All subjects A_i will be told that they can choose an amount a_i, an integer between 0 and n, that they can send to the player B_i with whom they are matched, in the beginning of each round. The amount will be subtracted from A_i's payoff, multiplied by 3 and added to the payoff of B_i.
Round 1 (DR): Before being informed about the amount a_i, player B_i will be asked to provide the amount b_i they want to send back to player A_i for every possible decision in the decision set of A_i, namely alpha=(0, 1, 2,.....n). In the end, B_i is informed about the amount a_i and the corresponding amount b_i is multiplied by 3 and sent back to player A_i.
Round 2 (IR): Before being informed about the amount a_i sent by player A_i, player B_i will be asked to provide the amount b_i they want to send to another player A_j for every possible decision in the decision set of A_i. B_i is informed about the amount a_i and the corresponding amount b_i is multiplied by 3 and added to the payoff of player A_j.
Round 3 (CA): Player B_i will be asked to provide the amount b_i they want send to another player A_j for every possible decision in the decision set of A_j regarding the number of tokens they chose to send to another player B_j. B_i is informed about the amounts a_i and a_j and the corresponding amount b_i is multiplied by 3 and added to the payoff of player A_j.
To isolate the "reputation concerns" mechanism using monetary incentives we decided to offer all respondents the opportunity of spending some of their show-up fee in order to buy a certificate stating that they were teaching assistants during the academic year. The respondents will have three options: (i) not spending anything, (ii) spending a very small amount of money to receive a print-out of the certificate or (iii) spending some extra money in order to receive a framed copy of the certificate. We believe that for labor market purposes, neither (ii) nor (iii) are really needed since the teachers can just add this information to their CVs without paying for it. As such, choosing (ii) or (iii) as an option captures some of the self-worth and/or reputation concerns that respondents might have (since the -framed- certificate also offers the possibility of displaying one's achievement), with (iii) signaling a higher reputation concern than (ii).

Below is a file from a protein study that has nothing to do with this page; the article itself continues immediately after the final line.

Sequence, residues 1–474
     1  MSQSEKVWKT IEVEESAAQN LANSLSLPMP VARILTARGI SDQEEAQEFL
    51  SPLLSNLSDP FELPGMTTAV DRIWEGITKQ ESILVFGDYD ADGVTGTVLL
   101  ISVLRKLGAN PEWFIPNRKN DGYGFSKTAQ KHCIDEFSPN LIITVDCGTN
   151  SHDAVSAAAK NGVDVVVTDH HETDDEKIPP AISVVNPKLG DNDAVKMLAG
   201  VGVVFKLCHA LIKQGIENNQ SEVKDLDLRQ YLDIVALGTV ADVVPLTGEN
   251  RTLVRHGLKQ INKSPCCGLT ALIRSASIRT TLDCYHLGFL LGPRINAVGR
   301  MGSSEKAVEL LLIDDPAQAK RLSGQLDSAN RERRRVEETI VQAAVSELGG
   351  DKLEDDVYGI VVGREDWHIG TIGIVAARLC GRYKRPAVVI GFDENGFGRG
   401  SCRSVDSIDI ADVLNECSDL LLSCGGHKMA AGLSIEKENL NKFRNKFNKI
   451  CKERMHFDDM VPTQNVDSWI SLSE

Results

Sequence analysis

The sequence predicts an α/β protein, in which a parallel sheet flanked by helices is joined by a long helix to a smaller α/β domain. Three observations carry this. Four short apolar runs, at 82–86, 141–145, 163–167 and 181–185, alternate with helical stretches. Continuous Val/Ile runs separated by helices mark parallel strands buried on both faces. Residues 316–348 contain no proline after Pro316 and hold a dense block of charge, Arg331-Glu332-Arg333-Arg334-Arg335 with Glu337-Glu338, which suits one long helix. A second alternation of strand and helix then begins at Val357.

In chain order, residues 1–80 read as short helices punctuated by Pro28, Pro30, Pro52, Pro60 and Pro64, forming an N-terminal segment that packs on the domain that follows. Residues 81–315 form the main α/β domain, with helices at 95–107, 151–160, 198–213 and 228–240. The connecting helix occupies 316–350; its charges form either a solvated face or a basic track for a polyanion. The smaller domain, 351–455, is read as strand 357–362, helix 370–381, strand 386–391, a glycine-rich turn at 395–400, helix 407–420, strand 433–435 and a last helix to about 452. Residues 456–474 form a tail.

At the end of the academic year, respondents will be asked to answer a couple of questions designed to understand the relationship between teaching assistants and the frequency with which they communicate and share information with each other. Furthermore, an open question will be asked to see if teaching assistants were "unhappy" about any other issues regarding the course. The results to this question will be used as a robustness check to ensure that spillovers between treatment and control do not occur, such that individuals in the control group found out that they would qualify for recognition, but they nonetheless did not receive it.
Also, two questions regarding how they perceive the importance of their job will be asked. This can help us study yet an additional theoretical channel: if some teaching assistants are not aware about the fact that their work is very important to students, they might put little effort in. However, since this is revealed through the treatment, effort can simply increase through an update in the beliefs about the importance of their teaching to students. As such, teaching assistants will be asked "how important they think their job is", and whether "the Tutor Academy has contributed during the course to the perceived importance of their job".